On March 10, 1993, a white supremacist anti-abortion fanatic murdered Dr. David Gunn, an abortion provider, in his clinic’s parking lot. Three years later, March 10th was chosen to mark National Abortion Provider Appreciation Day, a day to honor Dr. Gunn’s legacy and to celebrate the resiliency and commitment of those who continue to provide abortion care.
Independent abortion providers have been providing essential health care for decades, often enduring harassment, professional stigma, and even threats of violence to do so. Our dedicated colleagues have continued to provide compassionate, necessary, and critical care throughout the COVID-19 pandemic and at the same time that anti-abortion attacks, at all levels of government, have intensified.
Those of us who provide this care, as medical professionals and as clinic staff, often do so out of dedication to reproductive freedom and full bodily autonomy for all people. We share a desire to help people whom others have judged and stigmatized as unworthy of dignified, safe healthcare.
Spending day-in and day-out up close with our patients and the complexity of their lives has shown us how crucial abortion care can be to people’s well-being. We spend our days speaking with and walking patients, partners, and families through this one procedure that can alter the course of their lives. Yet across the state, anti-abortion protestors and lawmakers far removed from these situations stand in judgment and anger, professing to know what is right for the people making the decision to obtain an abortion.
We have patients whose pregnancies were long awaited but have produced anomalies that would lead to a brief and painful life. Other patients already have children and know deep in their bones that this is just not the time to bring another child into their world. Others are young and not at all ready to parent. Still others fear what another pregnancy would do to their health. They decide that seeking an abortion at that moment is the most loving and best decision in the larger, complicated context of their lives. People who seek abortions are all ages and come from all walks of life, and re-criminalizing abortion will not change that. Abortion is a common and normal part of reproductive healthcare, and always has been.
What we’ve learned from many years of doing this work is not to make assumptions, and to meet our patients where they are. Most are both grateful for the care, and surprised by the compassionate staff. The surprised part always hurts a little—they’re surprised to not be judged or pressured, but rather given care that makes them feel valued and not alone. As providers and clinic staff, we see our patients as whole people, with complicated lives and priorities who are making the right decisions for themselves and their families.
So many of us do this work because we believe in providing people with the care they need, and we know the support we offer patients can be transformational in their lives. We often feel a deep commitment to this work, but also have to be careful about sharing this commitment, as anti-abortion politicians dehumanize us and our patients to the point that harassment and threats of violence are just part of the job.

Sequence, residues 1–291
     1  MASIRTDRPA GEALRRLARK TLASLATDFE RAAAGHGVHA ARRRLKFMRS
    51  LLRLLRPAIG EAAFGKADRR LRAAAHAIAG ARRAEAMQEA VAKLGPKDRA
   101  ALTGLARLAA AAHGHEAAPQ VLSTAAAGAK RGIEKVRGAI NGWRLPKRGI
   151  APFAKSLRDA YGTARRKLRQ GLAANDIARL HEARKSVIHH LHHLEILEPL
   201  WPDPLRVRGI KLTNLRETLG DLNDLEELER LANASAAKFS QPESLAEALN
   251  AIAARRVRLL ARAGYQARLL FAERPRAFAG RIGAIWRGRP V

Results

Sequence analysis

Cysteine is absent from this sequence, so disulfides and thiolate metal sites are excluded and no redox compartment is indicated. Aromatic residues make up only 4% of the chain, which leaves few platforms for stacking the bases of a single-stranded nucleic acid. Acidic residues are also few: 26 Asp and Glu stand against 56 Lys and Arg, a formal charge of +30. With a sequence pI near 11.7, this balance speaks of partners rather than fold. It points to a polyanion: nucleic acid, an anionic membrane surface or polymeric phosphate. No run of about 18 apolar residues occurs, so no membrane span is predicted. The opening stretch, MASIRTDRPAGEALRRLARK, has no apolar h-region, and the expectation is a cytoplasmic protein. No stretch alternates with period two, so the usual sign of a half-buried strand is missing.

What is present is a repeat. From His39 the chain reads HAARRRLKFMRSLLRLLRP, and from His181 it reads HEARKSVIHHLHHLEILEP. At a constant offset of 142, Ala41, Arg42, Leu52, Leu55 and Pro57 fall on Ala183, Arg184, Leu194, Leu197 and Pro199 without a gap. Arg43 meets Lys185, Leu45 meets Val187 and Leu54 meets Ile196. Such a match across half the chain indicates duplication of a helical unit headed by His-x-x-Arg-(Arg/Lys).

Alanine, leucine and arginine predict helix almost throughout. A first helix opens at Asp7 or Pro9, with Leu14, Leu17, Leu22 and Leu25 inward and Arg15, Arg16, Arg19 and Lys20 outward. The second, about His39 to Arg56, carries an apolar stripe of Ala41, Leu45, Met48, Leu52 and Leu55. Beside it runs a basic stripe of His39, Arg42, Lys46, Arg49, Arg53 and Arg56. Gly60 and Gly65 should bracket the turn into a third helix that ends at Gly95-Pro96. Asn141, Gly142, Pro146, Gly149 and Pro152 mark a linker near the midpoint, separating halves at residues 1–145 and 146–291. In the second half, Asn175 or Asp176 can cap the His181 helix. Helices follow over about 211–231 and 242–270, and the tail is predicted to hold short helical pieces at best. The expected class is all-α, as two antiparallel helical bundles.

While abortion providers don’t get into this work for the accolades, we know that when people stand up to support the providers and clinics in their communities, they are also standing up for the patients who have chosen to get abortions and for the continued need for access to safe, quality abortion care. When people are vocal and stand up for that access, we continue to chip away at the stigma, the judgments, the disinformation, and the anti-abortion propaganda that enables anti-choice lawmakers and judges to further restrict access to abortion, shut down clinics, and harass and penalize providers and patients.
This year’s National Abortion Provider Appreciation Day is possibly the last one before the U.S. Supreme Court moves to completely dismantle nearly 50 years of precedent set by the Roe v. Wade decision that has kept abortion legal on paper in every state. At such a fraught and difficult moment, we hope the majority of North Carolinians who support abortion access will join us in showing appreciation that this care is available to those who need it in our communities.
Such expressions of appreciation can be as simple as sending postcards or social media posts with supportive messages to clinics, or just amplifying their social media posts on your accounts. You can also get to know your local clinic staff by volunteering as a patient escort, helping them create a welcoming experience at the clinic, or even offering to buy lunch for the staff one day. As always, busting down abortion stigma by sharing your stories, advocating for proactive local, state, and federal policies, and voting in every election for pro-choice candidates is going to help build the world we want to see, where all people can get the care they need, including abortion, when they need it.
Abortion providers show up for our communities every day and will continue to do so. We hope you will do your part to support abortion access in North Carolina by voting, especially in statewide elections.
Dr. Amy Bryant is a gynecologist based in Durham, NC.
Amber Gavin is the VP of Advocacy & Operations at A Woman’s Choice, an independent abortion provider with clinics in Charlotte, Greensboro, and Raleigh, NC and Jacksonville, FL